Buckden Palace

Has been described as a Certain Palace (Bishop), and also as a Certain Fortified Manor House

There are major building remains

NameBuckden Palace
Alternative NamesBuckden Towers; Bugden; Bikden
Historic CountryHuntingdonshire
Modern AuthorityCambridgeshire
1974 AuthorityCambridgeshire
Civil ParishBuckden

Buckden Palace, tower, gatehouses, foundations and moat, N of the church. The manor belonged to the Bishops of Lincoln at the time of the Domesday Survey but it is uncertain when first a house was built on the site. Bishop Hugh de Wells (1209 - 1235) is said to have built or rebuilt a manor house at Buckden and Bishop Robert Grosseteste (1235 - 1254) is credited with building the great hall. The buildings were burnt in 1291 but the extent of the damage does not appear. To C13 would appear to belong the foundations of the great chamber, the chapel, and parts of the great hall. An extensive rebuilding of the palace took place under Bishops Thomas Rotherham (1472 -1480) and John Russell (1480 - 1494); the former according to Leland built the great tower and restored the great hall; the great tower was probably finished by Bishop Russell, whose arms formerly appeared on the woodwork, and the same Bishops built the inner and outer gatehouses and the enclosure walls. Considerable repairs were made to the buildings by Bishop John Williams (1621 -1642) who appears to have rebuilt and shortened the chapel and repaired the cloister. Under the Commonwealth a large part of the house including the great hall was demolished, but the house was restored on a smaller scale by Bishop Robert Sanderson (1660 -1663), the great hall not being rebuilt. In 1839 about half the main building and part of the gatehouse range were demolished and the great tower dismantled. The great chamber, chapel and adjoining buildings were pulled down in 1871, when the modern house was erected and the moat was filled in at the same time. The existing remains are handsome examples of late C15 brickwork. The palace, when complete, consisted of an inner walled and moated enclosure, containing the main buildings of the house and entered by the inner gatehouse on the W side, and an outer walled enclosure on the W entered by the outer gatehouse and containing various outbuildings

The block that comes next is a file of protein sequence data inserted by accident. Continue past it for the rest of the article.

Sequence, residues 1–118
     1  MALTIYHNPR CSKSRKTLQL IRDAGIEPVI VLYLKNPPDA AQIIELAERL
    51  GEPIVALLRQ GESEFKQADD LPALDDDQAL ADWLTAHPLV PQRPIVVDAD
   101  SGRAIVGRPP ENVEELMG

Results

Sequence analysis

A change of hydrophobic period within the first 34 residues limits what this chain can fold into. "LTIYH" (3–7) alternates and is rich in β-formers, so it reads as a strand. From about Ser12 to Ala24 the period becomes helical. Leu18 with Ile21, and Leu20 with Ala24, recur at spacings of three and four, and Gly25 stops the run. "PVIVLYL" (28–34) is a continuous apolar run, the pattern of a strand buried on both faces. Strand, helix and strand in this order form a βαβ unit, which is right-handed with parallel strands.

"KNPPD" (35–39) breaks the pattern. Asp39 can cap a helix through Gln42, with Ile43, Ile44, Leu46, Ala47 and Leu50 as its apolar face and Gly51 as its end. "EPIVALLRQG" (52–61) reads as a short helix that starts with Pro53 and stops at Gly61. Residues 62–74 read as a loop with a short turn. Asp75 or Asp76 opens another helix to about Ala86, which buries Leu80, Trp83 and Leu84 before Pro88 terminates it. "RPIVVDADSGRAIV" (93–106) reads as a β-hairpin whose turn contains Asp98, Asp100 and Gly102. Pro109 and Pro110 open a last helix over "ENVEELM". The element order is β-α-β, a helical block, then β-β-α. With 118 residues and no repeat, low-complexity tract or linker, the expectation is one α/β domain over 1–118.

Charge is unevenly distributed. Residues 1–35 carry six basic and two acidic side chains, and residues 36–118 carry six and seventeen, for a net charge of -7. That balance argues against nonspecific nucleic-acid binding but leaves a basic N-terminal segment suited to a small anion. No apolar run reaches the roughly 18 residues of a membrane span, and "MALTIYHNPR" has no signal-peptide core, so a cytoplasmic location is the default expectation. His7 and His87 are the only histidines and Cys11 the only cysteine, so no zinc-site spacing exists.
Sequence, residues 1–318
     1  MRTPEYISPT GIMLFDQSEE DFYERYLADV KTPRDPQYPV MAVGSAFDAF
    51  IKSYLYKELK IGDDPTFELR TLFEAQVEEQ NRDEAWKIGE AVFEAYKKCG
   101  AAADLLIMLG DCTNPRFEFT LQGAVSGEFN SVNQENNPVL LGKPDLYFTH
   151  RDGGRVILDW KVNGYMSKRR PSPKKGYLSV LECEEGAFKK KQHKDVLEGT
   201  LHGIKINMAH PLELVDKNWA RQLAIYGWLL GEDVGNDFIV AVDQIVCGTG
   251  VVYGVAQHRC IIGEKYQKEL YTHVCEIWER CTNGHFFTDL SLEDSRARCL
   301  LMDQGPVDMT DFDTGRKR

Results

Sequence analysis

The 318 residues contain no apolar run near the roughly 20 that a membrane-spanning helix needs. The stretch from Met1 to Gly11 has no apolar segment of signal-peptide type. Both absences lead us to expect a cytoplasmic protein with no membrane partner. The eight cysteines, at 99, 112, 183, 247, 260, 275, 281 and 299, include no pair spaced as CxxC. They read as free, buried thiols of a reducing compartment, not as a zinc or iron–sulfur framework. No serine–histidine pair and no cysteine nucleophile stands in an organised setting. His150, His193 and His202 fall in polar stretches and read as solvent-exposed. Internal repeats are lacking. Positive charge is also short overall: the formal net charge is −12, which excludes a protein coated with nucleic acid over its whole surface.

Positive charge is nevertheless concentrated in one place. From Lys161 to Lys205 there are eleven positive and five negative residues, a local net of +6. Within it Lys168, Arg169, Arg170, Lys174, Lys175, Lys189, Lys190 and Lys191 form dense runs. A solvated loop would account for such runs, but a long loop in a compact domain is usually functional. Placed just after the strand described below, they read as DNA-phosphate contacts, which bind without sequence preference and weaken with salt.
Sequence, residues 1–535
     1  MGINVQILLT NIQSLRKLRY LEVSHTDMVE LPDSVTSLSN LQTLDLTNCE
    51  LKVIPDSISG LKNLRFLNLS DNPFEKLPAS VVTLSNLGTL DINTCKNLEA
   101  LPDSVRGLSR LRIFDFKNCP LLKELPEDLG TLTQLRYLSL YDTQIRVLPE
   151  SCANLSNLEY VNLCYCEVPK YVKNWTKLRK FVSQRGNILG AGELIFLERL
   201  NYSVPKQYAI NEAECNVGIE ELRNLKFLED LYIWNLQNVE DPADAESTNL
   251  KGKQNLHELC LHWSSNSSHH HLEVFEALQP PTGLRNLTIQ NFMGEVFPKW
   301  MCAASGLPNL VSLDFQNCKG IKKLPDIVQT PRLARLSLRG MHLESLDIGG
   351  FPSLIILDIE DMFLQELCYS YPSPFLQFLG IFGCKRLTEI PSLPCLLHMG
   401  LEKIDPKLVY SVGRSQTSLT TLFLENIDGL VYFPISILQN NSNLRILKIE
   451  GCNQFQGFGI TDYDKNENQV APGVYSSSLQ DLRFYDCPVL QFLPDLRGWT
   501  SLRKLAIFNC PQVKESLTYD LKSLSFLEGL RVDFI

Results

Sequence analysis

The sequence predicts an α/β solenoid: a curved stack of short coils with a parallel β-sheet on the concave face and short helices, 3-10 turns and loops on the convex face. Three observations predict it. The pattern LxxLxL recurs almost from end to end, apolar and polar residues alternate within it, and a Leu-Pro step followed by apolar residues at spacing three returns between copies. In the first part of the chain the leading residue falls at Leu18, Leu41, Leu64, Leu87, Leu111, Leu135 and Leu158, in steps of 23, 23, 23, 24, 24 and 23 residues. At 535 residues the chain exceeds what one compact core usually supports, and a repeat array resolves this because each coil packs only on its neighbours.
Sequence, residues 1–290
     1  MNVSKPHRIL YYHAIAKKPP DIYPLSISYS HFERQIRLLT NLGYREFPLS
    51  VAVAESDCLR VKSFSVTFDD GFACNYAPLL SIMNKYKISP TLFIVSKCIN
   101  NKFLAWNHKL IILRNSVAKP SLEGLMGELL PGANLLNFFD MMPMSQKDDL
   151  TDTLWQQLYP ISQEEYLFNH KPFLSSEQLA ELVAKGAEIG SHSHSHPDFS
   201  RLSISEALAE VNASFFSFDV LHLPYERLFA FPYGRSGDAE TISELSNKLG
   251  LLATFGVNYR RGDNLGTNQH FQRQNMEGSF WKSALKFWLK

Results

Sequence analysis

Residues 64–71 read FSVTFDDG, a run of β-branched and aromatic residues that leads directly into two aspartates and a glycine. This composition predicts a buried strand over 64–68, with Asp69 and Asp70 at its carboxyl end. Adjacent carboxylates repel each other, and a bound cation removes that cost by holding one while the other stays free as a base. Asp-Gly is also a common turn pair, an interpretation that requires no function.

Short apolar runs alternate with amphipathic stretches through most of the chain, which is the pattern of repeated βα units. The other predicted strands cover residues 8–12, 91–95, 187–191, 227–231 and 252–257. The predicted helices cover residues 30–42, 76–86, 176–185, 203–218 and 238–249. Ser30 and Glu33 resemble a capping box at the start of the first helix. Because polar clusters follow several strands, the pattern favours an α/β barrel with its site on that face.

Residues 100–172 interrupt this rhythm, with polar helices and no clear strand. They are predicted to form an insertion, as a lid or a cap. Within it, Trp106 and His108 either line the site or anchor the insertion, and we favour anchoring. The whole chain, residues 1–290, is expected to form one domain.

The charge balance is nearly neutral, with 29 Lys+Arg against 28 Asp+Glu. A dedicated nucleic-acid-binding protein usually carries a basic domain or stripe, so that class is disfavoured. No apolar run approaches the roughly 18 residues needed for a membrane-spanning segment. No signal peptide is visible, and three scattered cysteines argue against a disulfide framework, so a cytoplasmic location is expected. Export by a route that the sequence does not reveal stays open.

Of the main structure of the house only the great tower now survives. (Camb. SMR record)

This site is a scheduled monument protected by law

This is a Grade 1 listed building protected by law

Historic England Scheduled Monument Number
Historic England Listed Building number(s)
Images Of England
Historic England (PastScape) Defra or Monument number(s)
County Historic Environment Record
OS Map Grid ReferenceTL192677
Latitude52.2942886352539
Longitude-0.25297999382019
Eastings519240
Northings267720
HyperLink HyperLink HyperLink
Copyright Peter Ashton All Rights Reserved
Copyright Peter Ashton All Rights Reserved
Copyright Peter Ashton All Rights Reserved
Copyright Peter Ashton All Rights Reserved